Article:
N No display. All screens are processed invisibly, regardless of whether there are errors or not. Control returns to your program as soon as transaction processing is finished.

E Display errors only. The transaction goes into display mode as soon as an error in one of the screens is detected. You can then correct the error.
The display modes are the same as those that are available for processing batch input sessions

The UPDATE Parameter

You use the UPDATE parameter to specify how updates produced by a transaction should be processed. You can select between these modes:

A Asynchronous updating. In this mode, the called transaction does not wait for any updates it produces to be completed. It simply passes the updates to the SAP update service. Asynchronous processing therefore usually results in faster execution of your data transfer program.

Asynchronous processing is NOT recommended for processing any larger amount of data. This is because the called transaction receives no completion message from the update module in asynchronous updating. The calling data transfer program, in turn, cannot determine whether a called transaction ended with a successful update of the database or not.

If you use asynchronous updating, then you will need to use the update management facility (Transaction SM12) to check whether updates have been terminated abnormally during session processing. Error analysis and recovery is less convenient than with synchronous updating.

S Synchronous updating. In this mode, the called transaction waits for any updates that it produces to be completed. Execution is slower than with asynchronous updating because called transactions wait for updating to be completed. However, the called transaction is able to return any update error message that occurs to your program. It is much easier for you to analyze and recover from errors.

L Local updating. If you update data locally, the update of the database will not be processed in a separate process, but in the process of the calling program. (See the ABAP keyword documentation on SET UPDATE TASK LOCAL for more information.)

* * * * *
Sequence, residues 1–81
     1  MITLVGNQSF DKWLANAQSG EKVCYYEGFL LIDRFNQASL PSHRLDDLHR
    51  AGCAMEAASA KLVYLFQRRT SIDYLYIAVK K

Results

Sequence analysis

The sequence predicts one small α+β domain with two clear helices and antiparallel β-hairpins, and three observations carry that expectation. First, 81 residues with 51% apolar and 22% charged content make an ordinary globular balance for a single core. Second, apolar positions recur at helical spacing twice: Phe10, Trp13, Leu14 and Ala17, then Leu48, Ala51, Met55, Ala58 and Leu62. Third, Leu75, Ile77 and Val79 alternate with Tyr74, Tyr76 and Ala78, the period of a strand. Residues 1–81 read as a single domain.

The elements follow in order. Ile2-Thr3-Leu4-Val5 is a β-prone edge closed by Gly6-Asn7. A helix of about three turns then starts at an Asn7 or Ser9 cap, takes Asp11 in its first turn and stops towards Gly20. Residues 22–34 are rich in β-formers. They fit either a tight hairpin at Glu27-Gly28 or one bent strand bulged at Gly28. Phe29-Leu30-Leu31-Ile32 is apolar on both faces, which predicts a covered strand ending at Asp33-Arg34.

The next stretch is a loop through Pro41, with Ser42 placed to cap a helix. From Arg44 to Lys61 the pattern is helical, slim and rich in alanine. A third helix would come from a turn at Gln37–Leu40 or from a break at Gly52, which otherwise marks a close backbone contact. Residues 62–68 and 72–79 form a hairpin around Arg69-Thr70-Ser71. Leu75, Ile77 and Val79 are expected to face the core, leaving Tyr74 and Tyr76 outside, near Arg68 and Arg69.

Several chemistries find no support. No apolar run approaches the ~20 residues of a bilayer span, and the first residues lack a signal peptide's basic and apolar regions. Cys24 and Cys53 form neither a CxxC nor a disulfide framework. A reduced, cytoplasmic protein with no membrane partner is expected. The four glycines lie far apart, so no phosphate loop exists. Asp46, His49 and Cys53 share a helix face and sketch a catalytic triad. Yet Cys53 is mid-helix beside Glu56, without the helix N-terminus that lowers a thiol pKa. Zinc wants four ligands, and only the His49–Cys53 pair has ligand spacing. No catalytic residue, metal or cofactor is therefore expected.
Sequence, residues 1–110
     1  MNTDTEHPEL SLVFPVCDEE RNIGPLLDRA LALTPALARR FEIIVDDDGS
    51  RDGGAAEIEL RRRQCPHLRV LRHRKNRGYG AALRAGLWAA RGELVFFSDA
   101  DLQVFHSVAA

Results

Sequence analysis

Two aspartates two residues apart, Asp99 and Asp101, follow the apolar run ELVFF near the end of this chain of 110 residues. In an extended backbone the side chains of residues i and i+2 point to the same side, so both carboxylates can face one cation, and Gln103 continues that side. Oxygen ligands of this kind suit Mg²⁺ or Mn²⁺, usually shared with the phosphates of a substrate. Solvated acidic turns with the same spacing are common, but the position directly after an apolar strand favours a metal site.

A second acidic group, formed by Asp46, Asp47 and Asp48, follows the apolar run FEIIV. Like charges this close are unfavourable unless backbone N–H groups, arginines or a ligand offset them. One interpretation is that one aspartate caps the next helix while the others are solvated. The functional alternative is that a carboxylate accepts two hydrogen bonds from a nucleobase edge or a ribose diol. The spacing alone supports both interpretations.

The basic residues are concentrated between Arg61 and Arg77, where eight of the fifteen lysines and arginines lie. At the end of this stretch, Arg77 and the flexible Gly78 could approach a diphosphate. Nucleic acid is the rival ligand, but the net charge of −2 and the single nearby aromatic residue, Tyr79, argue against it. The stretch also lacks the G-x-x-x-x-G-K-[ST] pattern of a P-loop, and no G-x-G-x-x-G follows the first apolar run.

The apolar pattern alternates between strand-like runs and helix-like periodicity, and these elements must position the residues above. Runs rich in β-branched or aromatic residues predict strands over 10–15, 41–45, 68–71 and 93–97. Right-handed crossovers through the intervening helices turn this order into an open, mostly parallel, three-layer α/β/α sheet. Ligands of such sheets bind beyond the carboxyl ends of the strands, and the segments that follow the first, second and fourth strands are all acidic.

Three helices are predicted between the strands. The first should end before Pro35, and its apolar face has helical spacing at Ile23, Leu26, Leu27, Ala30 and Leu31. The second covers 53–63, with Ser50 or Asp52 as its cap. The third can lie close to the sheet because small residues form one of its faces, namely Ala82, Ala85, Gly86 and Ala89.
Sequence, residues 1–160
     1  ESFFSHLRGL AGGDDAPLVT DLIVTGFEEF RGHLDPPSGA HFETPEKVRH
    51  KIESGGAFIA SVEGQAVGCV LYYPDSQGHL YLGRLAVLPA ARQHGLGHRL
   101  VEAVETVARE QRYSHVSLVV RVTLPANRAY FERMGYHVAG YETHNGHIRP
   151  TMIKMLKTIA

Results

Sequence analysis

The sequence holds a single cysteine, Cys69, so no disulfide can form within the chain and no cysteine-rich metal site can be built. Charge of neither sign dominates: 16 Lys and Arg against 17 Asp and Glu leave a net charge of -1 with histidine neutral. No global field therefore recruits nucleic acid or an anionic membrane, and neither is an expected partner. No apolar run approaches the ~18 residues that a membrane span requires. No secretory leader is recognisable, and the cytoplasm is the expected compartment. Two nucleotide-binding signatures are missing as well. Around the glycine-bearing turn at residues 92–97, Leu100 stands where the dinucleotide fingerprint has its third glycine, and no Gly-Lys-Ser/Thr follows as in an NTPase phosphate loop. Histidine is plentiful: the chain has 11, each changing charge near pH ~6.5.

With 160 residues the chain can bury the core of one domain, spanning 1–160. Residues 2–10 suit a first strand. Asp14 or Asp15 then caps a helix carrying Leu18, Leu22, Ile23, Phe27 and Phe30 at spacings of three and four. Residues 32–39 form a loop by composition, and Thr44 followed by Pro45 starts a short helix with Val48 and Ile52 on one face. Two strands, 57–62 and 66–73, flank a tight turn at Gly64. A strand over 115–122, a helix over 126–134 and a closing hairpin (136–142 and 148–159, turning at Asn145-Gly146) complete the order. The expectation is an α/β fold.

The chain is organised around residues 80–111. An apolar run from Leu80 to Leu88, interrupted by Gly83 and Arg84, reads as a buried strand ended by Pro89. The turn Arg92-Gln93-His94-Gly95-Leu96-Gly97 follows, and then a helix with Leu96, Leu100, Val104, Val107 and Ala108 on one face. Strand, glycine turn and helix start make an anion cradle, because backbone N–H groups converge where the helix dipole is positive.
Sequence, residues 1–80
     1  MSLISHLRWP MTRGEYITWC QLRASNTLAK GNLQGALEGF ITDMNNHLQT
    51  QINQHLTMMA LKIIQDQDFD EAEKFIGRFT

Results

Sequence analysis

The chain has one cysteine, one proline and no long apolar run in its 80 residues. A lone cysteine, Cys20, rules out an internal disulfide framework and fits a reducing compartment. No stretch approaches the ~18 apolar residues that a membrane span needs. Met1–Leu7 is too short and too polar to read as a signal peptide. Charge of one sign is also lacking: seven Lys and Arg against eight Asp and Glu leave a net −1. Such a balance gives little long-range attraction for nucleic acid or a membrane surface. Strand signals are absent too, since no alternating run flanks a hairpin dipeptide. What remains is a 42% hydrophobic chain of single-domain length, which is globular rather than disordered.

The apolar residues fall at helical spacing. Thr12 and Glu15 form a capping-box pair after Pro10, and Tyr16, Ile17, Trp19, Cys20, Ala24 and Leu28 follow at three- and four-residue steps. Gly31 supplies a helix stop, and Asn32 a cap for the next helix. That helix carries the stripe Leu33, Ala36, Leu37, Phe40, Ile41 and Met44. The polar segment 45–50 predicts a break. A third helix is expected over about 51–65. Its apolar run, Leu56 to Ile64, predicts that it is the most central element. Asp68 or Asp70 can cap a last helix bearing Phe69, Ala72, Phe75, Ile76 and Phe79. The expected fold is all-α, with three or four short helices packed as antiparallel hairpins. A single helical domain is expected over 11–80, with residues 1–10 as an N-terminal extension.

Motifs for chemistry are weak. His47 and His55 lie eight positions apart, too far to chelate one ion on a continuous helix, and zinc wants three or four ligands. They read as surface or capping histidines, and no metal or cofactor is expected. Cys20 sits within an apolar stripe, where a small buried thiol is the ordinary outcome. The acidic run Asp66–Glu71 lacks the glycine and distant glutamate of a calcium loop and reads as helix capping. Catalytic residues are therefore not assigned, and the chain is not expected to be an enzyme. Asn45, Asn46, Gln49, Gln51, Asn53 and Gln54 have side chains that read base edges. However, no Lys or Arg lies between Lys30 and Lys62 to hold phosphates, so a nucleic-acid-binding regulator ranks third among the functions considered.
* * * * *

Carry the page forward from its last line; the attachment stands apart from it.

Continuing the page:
The MESSAGES Parameter

The MESSAGES specification indicates that all system messages issued during a CALL TRANSACTION USING are written into the internal table . The internal table must have the structure BDCMSGCOLL .

This transaction allows a user to record keystrokes and other keyboard actions so that they may be incorporated into a BDC session. While any session may be recorded, it does not mean that the recording can be used to create a session. Within a recording individual screens may not be allowed.

Customized screens may present a problem. Only use the non-customized screens to record sessions.

In this example, the transaction MM is recorded.

Enter transaction SHDB, also called The Transaction Recorder:Recording Overview.

Click on the "New Recording button"

To start a new recording, enter a recording name (up to 10 letters) in the field labeled "Recording," and the Transaction Code MM01. Click either the "Start Recording" button or the green check mark at the bottom of the screen.

Recording the session:

Once the Start Recording button is pressed, the system displays the screens for the transaction code requested. Enter each field needed for the transaction, and proceed to the following screen. A "recording running" message may appear between screens. During a recorded session screen interaction time is extended.

Completing the transaction

End the transaction normally. When completed, the Transaction Recorder: Edit Recording screen is shown, Click the Save icon, which saves the recording. Green arrow back to the starting point (Transaction Recorder).